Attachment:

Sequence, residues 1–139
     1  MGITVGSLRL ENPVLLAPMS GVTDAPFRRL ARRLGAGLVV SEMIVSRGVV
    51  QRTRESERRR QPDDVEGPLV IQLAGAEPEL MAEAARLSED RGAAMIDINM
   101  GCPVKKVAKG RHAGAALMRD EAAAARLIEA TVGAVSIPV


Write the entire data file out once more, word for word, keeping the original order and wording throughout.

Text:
Sequence, residues 1–139
     1  MGITVGSLRL ENPVLLAPMS GVTDAPFRRL ARRLGAGLVV SEMIVSRGVV
    51  QRTRESERRR QPDDVEGPLV IQLAGAEPEL MAEAARLSED RGAAMIDINM
   101  GCPVKKVAKG RHAGAALMRD EAAAARLIEA TVGAVSIPV